Some old English words now regarded as archaic still survive, e.g. Afeard for afraid. This has quite a respectable ancestry. In Shakespeare’s The Tempest you will find: “Be not afeard, the isle is full of strange sounds.” And in Chaucer’s Prologue to The Canterbury Tales: “Of his visage children were afeard”.

I’d as lief. The word lief from the Anglo-Saxon means pleasing, agreeable, dear.

An old song has this refrain: “Nobody axed me, sir, she said”. Axe for ask used to be quite common. In Chaucer’s The Knight’s Tale occurs the sentence:-“You lovers axe I now the question”.

As is well known tea was formerly pronounced tay. It occurs in Pope’s famous couplet: “Here, thou great Anna, whom three realms obey Doth sometimes counsel take and sometimes tea”. The old pronunciation of the diphthong ea was ay (as in say). The sea was the say: a seat was a sate, beat was bate, heat was hate, meat was mate.

Here I am reminded of the old lady, aboard ship looking for one of the officers. She encountered the cook who happened to be an Irishman. “Tell me, my good man, are you the mate?” “Ah no ma’m”, answered he, “I’m the fella that cooks the mate!”

Use of singular noun where one would expect the plural, e.g. Year In Shakespeare’s The Tempest occur the lines “Twelve year hence, Miranda, twelve year hence Thy father was the Duke of Milan……”

Likewise I have traced the old Skerries word bunk. I hasten to add that it is not used in the Henry Ford sense “History is bunk”, but in the sense of beating or knocking or striking. For instance, if someone started knocking on the wall outside the true born Skerryite would remark – not “Who is knocking?” but rather “Who is bunkin?” Or if a wife got a New Year’s Calendar from the grocer or butcher she would say to her husband “Bunk a nail in the wall there: I want to hang this calendar”. This word is peculiar to Skerries. In Stratmann’s Middle English Dictionary (12th – 15th Century) the word bunchon is given – meaning to beat or strike. It was originally a Dutch word bonken and was adopted into English sometime between the 12th and 15th centuries.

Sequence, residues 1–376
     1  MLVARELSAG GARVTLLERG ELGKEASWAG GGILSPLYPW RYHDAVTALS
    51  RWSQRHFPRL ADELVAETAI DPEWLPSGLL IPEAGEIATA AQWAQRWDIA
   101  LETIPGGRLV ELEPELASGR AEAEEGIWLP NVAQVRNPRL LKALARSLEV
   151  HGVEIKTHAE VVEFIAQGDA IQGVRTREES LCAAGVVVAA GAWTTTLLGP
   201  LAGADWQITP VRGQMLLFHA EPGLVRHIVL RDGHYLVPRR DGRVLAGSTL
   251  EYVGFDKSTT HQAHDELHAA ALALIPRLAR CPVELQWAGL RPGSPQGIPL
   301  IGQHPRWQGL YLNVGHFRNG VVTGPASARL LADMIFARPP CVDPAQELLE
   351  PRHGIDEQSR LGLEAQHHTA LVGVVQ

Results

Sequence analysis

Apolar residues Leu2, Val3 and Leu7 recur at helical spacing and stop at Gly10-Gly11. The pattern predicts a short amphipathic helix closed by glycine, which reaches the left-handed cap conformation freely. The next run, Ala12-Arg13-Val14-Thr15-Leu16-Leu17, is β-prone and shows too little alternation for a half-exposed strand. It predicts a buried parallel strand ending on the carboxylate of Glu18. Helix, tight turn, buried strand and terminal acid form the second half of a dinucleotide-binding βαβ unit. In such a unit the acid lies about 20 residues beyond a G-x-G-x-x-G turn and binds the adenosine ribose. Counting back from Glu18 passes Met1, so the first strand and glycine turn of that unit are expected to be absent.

The words, phrases and expressions with which I have dealt are those which I remember as common verbal currency forty or fifty years ago, but most of these are now falling into disuse. Strangely enough, the illiteracies retain their erstwhile vitality as do the obscenities. Get up them stairs; clean them windows; Where war yous? Yiz wur bet. I done the job meself. I seen that picture. All these and many more are hale and hearty and show no signs of decrepitude.

Paddy Halpin SHS 1950